In the Old World, the mantra “bigger is better” does not hold true. Europe’s roads are jam-packed, parking spaces are scarce. There, luxury and premium cars can be small. The best example is the Audi A1; loosely based on the ubiquitous Volkswagen Polo, it offers top-notch amenities and performance for its class. Now Audi has unveiled the second generation.
At 158.7 inches long, 68.5 inches wide, and 55.5 inches tall, the new A1 is similar in size to a Mini Hardtop. But instead of cuteness, it oozes contemporary style and modernity. The front air intakes and the Audi Quattro–style blisters over the fenders, beloved by chief designer Marc Lichte, convey a subdued aggression. The three-door version has been dropped, and henceforth the A1 comes with five doors only; that’s why it’s officially called the A1 Sportback.
Like the bigger and also recently redesigned Mercedes-Benz A-class, the Audi A1 takes pride in offering premium technology in a very compact package. A fully digital instrument panel is standard, as is MMI infotainment with, in the two upper trims, a touchpad for inputs. There is an optional voice-command system, and the top-level navigation setup is ultra-quick, with 3D maps and real-time updates that include current gas prices. Buyers also can order an 11-speaker, 560-watt Bang & Olufsen stereo system, which is pretty impressive for a car this size.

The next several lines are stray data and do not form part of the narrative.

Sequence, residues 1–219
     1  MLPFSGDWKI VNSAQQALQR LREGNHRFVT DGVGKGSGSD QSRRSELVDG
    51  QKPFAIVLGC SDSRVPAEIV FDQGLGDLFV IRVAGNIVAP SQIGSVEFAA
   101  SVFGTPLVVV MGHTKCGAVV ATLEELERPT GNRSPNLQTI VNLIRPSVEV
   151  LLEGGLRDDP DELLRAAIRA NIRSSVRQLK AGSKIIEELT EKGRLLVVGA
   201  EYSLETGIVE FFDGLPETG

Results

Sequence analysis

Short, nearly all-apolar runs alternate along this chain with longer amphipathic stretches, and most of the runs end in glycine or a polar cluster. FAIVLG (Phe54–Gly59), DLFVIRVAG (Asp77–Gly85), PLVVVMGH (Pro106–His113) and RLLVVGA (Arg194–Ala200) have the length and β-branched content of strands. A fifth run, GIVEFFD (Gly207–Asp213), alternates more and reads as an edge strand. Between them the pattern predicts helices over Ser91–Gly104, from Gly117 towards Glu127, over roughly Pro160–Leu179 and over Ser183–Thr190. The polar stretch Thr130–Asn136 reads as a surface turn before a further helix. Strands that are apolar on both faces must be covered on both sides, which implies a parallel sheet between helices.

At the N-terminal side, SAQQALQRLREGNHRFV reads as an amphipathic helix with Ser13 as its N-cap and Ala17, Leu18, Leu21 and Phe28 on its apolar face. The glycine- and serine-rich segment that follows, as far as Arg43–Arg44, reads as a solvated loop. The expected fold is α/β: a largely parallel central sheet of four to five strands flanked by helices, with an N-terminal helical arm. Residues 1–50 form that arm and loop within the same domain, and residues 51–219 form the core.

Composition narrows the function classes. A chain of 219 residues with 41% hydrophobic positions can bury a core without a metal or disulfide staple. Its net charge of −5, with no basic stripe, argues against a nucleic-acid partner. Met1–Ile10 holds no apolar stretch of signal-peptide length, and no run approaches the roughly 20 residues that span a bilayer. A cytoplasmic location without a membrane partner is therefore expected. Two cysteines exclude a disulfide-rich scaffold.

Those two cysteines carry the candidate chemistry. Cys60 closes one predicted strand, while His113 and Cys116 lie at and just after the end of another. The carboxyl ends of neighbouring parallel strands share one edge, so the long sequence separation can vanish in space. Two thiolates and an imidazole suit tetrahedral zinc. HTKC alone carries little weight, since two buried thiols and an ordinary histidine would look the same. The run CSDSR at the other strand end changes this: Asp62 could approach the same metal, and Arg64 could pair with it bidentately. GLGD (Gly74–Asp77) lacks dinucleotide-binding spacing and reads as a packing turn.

The roster of available driver-assistance systems is on par with those of Audi’s larger sedans and includes a system that will park the car automatically under the watchful eyes of 12 ultrasonic sensors. Notably, the adaptive cruise control works from a stop, up to 125 mph, and back again.
Initially available with a range of turbocharged gasoline engines that ranges from a 95-hp 1.0-liter three to a 200-hp 2.0-liter four; the A1’s top speed should exceed 150 mph with its top-level engine. That version, preposterously called “40 TFSI”—thankfully, American Audis have been spared this nomenclature for now—comes only with a six-speed dual-clutch automatic transmission. The lesser models are available with a six-speed manual or a seven-speed dual-clutch ‘box. But that’s not the end of the powertrain story: We fully expect Audi to once again launch a top-level S1 model with around 250 horsepower.
A driving-mode selector lets you adjust various chassis and powertrain parameters to your preference, and cars can be ordered with a conventional suspension or a lower sport suspension, and adaptive dampers are on offer. It’s clear that the A1 far surpasses the feature set and sophistication of similarly sized cars available in the United States, and it tops its European competition as well, including the quirky Mini and Citroën’s aging DS3. Given that it would be a fairly spendy proposition on our shores, and that Americans generally have a taste for bigger beef, there’s no chance the A1 will come to the States. Too bad—we’d love to have a chance to drive one on our roads.
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